Citizens United v. Federal Election Commission

558 U.S. 310 (2010)

Quick Summary

Citizens United (plaintiff), challenged § 441b of BCRA, which restricted corporate funding for political speech, as unconstitutional. The Federal Election Commission (defendant) defended the provision’s constitutionality. The dispute centered around whether these restrictions violated Citizens United’s First Amendment rights.

The Supreme Court concluded that § 441b’s prohibition on corporate independent expenditures was unconstitutional, reaffirming the protection of political speech under the First Amendment, but upheld disclosure requirements for political advertisements.

Facts of the Case

Citizens United (plaintiff), a nonprofit corporation, produced a documentary titled ‘Hillary: The Movie’, which was critical of then-Senator Hillary Clinton during the 2008 Democratic primary elections.

The organization intended to distribute the film through video-on-demand and promote it with television ads, but was concerned about violating § 441b of the Bipartisan Campaign Reform Act of 2002 (BCRA), which prohibits corporations from using their general treasury funds for ‘electioneering communications’ or speech that expressly advocates for the election or defeat of a candidate close to primary or general elections.

Seeking to avoid potential criminal sanctions, Citizens United challenged the constitutionality of § 441b in federal district court against the Federal Election Commission (FEC) (defendant), arguing that it infringed upon their freedom of speech as protected by the First Amendment. The district court upheld the provision, leading Citizens United to appeal to the Supreme Court of the United States.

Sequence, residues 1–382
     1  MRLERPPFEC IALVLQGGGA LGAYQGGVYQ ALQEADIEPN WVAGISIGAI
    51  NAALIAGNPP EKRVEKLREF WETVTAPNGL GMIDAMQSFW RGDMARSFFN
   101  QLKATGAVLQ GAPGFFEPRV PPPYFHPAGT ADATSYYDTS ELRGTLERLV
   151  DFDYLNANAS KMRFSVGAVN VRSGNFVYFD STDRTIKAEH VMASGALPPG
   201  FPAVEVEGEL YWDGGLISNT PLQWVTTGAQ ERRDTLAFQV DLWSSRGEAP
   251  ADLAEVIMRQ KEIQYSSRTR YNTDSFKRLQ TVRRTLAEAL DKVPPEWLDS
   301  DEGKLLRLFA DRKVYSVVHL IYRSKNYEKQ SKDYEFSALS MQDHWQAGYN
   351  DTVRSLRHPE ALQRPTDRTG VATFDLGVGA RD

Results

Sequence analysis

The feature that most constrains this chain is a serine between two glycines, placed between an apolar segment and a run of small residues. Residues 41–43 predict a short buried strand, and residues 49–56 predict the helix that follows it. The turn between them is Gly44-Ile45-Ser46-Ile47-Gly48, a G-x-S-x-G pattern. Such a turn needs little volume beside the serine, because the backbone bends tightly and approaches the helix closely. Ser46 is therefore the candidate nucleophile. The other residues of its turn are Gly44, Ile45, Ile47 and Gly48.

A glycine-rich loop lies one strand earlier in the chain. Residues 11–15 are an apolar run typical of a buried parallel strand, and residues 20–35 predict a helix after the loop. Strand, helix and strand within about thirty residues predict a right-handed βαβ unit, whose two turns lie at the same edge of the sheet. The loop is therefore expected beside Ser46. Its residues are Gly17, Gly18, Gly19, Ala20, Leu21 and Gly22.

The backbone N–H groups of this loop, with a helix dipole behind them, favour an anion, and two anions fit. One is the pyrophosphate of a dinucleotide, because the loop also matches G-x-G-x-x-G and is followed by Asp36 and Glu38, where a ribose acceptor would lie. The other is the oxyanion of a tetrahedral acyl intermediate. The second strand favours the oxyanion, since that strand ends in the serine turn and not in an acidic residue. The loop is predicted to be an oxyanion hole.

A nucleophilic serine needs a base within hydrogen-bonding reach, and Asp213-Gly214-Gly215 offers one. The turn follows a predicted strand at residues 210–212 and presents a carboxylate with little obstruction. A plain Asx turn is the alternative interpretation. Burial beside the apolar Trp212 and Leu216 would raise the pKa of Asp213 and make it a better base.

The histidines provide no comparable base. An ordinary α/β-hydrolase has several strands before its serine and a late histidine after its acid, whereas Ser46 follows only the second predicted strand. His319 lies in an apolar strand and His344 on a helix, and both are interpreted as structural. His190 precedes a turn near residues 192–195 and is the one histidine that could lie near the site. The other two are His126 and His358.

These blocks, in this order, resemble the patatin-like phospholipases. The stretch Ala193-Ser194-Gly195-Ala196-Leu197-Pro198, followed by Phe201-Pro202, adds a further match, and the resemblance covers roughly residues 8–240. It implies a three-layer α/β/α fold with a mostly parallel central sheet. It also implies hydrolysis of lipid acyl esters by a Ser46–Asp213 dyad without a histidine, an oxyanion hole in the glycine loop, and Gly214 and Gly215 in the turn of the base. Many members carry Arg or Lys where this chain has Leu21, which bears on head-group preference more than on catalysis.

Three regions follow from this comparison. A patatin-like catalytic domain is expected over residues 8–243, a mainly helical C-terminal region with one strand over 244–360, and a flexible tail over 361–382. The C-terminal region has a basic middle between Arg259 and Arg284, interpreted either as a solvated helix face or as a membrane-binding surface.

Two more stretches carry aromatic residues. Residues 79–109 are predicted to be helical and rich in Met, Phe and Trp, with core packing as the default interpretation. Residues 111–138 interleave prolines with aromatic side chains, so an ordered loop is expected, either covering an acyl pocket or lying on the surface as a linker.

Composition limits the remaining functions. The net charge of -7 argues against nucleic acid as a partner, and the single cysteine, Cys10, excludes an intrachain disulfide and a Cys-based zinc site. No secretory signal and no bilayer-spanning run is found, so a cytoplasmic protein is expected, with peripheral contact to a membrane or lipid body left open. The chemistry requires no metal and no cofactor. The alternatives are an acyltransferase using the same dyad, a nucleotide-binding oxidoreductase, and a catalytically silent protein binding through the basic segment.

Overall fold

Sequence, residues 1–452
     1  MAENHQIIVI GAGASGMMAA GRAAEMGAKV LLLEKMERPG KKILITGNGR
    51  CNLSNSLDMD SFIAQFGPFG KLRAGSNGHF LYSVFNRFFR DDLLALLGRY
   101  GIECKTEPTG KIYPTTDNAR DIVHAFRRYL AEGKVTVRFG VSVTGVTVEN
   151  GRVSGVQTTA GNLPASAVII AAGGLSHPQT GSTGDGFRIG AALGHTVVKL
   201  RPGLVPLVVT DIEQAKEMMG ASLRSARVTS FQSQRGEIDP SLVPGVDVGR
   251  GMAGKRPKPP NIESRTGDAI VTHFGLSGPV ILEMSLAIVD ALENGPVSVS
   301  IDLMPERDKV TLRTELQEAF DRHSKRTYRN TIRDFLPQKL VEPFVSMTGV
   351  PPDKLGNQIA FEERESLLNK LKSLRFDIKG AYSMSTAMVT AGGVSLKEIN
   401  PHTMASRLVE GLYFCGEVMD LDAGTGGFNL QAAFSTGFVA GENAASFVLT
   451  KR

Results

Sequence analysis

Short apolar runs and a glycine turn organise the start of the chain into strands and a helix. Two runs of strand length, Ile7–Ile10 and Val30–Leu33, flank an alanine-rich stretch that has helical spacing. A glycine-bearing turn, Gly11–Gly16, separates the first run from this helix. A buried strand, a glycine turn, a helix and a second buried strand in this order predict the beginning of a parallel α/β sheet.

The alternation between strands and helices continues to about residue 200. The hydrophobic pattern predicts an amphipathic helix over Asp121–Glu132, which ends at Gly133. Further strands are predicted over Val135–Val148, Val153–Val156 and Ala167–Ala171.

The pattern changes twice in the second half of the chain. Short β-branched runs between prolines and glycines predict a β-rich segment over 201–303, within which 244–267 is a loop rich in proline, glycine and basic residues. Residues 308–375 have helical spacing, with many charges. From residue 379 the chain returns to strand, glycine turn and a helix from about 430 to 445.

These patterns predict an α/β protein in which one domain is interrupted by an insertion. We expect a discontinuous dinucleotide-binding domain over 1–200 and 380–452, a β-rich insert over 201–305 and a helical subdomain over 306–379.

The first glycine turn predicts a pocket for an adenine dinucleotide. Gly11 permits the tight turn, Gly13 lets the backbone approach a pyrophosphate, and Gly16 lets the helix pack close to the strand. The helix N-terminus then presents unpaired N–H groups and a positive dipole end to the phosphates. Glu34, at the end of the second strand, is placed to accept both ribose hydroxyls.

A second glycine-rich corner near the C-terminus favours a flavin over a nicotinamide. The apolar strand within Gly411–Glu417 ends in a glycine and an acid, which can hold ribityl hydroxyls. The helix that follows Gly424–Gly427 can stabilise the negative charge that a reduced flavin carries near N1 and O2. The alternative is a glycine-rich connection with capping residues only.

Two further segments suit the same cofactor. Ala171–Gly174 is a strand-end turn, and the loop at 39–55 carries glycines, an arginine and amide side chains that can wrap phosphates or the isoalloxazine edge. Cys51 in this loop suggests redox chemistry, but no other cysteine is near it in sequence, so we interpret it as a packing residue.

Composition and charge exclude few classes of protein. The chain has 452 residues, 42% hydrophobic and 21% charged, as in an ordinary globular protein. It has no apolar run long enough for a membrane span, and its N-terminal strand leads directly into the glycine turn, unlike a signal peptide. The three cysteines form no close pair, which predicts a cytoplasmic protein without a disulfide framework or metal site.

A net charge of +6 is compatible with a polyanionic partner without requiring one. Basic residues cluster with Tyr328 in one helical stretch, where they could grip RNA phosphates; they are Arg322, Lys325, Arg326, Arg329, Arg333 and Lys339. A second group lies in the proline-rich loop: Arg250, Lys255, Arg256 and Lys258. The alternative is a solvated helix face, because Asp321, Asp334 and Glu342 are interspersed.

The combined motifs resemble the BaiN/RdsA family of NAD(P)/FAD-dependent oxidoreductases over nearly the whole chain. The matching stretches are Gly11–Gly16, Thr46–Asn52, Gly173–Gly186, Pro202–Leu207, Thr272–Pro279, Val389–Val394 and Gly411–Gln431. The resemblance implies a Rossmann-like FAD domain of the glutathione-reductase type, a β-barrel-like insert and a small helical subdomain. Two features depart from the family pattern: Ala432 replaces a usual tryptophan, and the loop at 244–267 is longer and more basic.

Procedural Posture and History

  1. Citizens United produced ‘Hillary: The Movie’ and sought to distribute it during the election period.
  2. The organization filed a case in federal district court challenging the constitutionality of § 441b under BCRA.
  3. The district court ruled in favor of the FEC, prompting Citizens United to appeal to the Supreme Court.

I.R.A.C. Format

Issue

Whether § 441b of the BCRA, which prohibits corporations from funding ‘electioneering communications’, is unconstitutional as it applies to ‘Hillary: The Movie’ and whether it violates corporate free speech rights under the First Amendment.